05/06/2003 11:00PM

Catalano benefits by rival's absence


ARLINGTON HEIGHTS, Ill. - It was never easy for Jerry Hollendorfer to get to Arlington. Hollendorfer, northern California's perennial leading trainer, basically flew an entire stable here the last two meets, lured by the prospect of diversification and grass racing he couldn't find enough of at his home base during summer months.

But this summer Hollendorfer plans to split his stable between northern and Southern California, with Arlington out of the picture. That's a big void, both for the track and for trainer Wayne Catalano.

Two seasons ago, when he won the Arlington training title, Hollendorfer ran more horses here than any trainer except Tom Tomillo. Last year, with 180 starters, Hollendorfer had more starts than all but two outfits.

"It's an impact, for sure," said Frank Gabriel, Arlington's racing secretary and executive vice president of racing. "But it's a decision he made, and there's really nothing you can do about it."

For Catalano, Hollendorfer's absence means the loss of a foil. Catalano and Hollendorfer nurse serious competitive streaks, and each man, while publicly respectful of the other, burned to lead the Arlington trainer standings. After losing the title to Hollendorfer in 2001, Catalano got it back last year.

"Last year, coming into this place, I had my game face on from start to finish," Catalano said. "I knew it was going to be a fight."

Catalano and his sole owner, Frank Calabrese, had a remarkable meet. Calabrese won the owners' title with 66 wins, 50 more than the second-leading owner. Catalano won at a 35 percent clip, with 64 of 180 starters.

Catalano has sobering news for Arlington rival trainers - his stable is coming into this meet better than last year. "We've got more stalls and more horses than we've ever had before," he said. "I think we're going to be all right."

Among the horses in Catalano's Arlington barn is Fight for Ally, who won the Grade 3 National Jockey Club Handicap at Hawthorne last month and may run Saturday in the $100,000 Black Tie Affair Handicap.

New face of management

Arlington received a management makeover during the off-season, when president Steve Sexton departed for Churchill Downs and racing secretary Dave Bailey declined to return after finding year-round employment with Gulfstream Park. Cliff Goodrich was hired as Sexton's replacement, while Frank Gabriel's position here shifted from vice president of racing and operations to vice president of racing and racing secretary. Ted Nicholson, named vice president of administration, assumed many of the operations responsibilities.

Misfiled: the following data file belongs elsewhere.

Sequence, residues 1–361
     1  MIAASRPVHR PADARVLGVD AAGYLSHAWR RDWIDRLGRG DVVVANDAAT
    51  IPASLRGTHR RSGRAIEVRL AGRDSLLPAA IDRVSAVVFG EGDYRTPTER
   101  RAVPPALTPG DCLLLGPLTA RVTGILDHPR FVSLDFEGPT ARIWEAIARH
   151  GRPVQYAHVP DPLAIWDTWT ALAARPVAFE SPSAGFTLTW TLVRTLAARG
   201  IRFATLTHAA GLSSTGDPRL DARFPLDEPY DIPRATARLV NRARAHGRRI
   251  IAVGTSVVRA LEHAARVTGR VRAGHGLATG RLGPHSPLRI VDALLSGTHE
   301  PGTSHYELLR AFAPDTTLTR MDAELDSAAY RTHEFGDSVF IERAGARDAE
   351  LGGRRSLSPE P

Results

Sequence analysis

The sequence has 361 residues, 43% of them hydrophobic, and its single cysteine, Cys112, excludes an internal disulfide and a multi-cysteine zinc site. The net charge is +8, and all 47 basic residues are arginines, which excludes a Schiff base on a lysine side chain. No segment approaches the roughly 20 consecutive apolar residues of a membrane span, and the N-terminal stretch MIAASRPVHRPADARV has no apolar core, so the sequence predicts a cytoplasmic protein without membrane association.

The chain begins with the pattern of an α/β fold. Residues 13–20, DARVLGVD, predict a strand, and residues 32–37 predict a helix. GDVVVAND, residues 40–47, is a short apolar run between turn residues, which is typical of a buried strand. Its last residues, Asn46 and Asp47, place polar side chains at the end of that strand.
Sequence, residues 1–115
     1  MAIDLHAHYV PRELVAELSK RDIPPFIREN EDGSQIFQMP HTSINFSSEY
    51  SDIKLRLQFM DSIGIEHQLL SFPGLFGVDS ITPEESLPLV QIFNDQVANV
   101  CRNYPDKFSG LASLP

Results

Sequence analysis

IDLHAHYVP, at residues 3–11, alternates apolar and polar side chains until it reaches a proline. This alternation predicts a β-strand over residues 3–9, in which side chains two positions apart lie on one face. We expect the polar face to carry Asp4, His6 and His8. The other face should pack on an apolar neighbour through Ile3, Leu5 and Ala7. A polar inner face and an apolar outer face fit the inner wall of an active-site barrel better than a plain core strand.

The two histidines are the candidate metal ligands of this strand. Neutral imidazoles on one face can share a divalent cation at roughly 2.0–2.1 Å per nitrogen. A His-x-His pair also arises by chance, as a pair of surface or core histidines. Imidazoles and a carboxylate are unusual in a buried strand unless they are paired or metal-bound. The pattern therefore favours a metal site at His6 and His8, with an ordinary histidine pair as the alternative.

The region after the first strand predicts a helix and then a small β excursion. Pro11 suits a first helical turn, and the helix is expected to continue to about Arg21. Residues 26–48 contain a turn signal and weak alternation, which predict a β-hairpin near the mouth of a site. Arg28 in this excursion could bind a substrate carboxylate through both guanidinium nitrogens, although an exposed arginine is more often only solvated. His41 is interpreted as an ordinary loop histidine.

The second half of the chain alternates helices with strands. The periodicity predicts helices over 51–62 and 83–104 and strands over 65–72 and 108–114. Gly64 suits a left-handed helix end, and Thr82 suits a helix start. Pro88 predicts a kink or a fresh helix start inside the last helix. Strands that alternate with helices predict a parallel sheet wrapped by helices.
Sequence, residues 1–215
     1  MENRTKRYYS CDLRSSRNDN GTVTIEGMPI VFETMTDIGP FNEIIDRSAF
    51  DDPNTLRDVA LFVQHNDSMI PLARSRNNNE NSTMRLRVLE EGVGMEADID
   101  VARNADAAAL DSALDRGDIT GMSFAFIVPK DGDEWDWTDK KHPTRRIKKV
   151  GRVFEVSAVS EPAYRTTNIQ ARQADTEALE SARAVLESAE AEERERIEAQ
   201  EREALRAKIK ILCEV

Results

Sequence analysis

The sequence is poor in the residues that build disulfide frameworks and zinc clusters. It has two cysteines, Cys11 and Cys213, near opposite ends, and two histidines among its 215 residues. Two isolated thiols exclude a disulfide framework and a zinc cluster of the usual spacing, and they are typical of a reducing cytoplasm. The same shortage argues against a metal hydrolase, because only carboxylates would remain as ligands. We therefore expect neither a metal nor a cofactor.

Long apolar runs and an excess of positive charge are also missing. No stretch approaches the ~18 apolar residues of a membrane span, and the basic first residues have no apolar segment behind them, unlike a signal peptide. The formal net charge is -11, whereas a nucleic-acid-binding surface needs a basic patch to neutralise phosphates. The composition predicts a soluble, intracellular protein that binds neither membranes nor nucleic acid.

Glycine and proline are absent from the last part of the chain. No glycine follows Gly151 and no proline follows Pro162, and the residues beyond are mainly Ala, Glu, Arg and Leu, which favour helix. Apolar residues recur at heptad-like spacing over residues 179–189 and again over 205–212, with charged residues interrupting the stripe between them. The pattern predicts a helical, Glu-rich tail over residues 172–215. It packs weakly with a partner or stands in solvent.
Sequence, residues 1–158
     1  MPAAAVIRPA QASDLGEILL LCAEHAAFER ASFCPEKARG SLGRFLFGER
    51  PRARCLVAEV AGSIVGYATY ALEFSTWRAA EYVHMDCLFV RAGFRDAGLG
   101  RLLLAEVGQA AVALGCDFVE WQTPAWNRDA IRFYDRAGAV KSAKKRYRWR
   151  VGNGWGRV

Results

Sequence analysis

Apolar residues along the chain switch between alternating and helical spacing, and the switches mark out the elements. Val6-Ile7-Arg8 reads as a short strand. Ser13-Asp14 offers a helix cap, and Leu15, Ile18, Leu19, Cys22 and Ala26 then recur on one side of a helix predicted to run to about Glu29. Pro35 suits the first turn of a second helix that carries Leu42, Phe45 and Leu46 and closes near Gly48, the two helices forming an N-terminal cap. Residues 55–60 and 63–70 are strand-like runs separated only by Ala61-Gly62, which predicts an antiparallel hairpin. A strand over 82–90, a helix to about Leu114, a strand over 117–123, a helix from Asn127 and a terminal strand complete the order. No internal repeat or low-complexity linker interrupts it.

From accounts inside the track hierarchy and out, the transition has been fairly seamless. Sexton remained at Arlington to help ease Goodrich into his job, since Goodrich, a former president of Santa Anita, needed a crash course in Illinois racing.

"I think things have gone very well, never having been through anything like this," Goodrich said. "I was lucky. I had Steve here for those months. I knew it would be a bit overwhelming at first, and it was, but I thought over time the fog would clear, and it did."

As vice president of racing, Gabriel already played an active role in day-to-day racing operations, though that position is enhanced now by his move to the secretary's position.

Gabriel has pushed through a couple of changes this season. He's instituted a starter rewards program, a prize-driven incentive for horsemen to run their stock frequently. Also, Arlington has switched from a 48-hour to a 72-hour draw schedule, meaning programs are carded three days in advance rather than two.

Lukas returns after 13 years

Thirteen years after he last ran a string at Arlington, trainer D. Wayne Lukas was allotted 25 stalls this season in Barn 16. The Lukas operation, making the transition from spring to summer, is shuttling horses between Chicago, New York, and Kentucky. But once his barn is settled, Lukas plans to fill his stalls and stay active at this meet.

"We'll have a little bit of everything here, a real mix of 2-year-olds and maidens and a lot of horses with allowance conditions," said Lukas's Arlington assistant Greg Falk. "We're hoping we can get some black type out of some of these horses. The competition here could be a little more in our favor."

A barn away from Lukas, Godolphin Racing will have 20 horses stabled under the direct supervision of Davey Duggan, an assistant to trainer Eoin Harty. Godolphin has sent 2-year-olds to Arlington the last two meets, but this is the first year any older horses have been stabled here. In addition to his regular complement of 2-year-olds, Duggan also has several 3-year-old maidens in his care.

Meier back from injury

Randy Meier, injured in a March 3 spill only two days into the National Jockey Club meet at Hawthorne, will return to race riding here on opening day. Meier, who turns 49 this summer, had been out with a broken arm.

Helping Meier is new agent, Justin Cassity, who had jockey Shane Laviolette's book the last several years.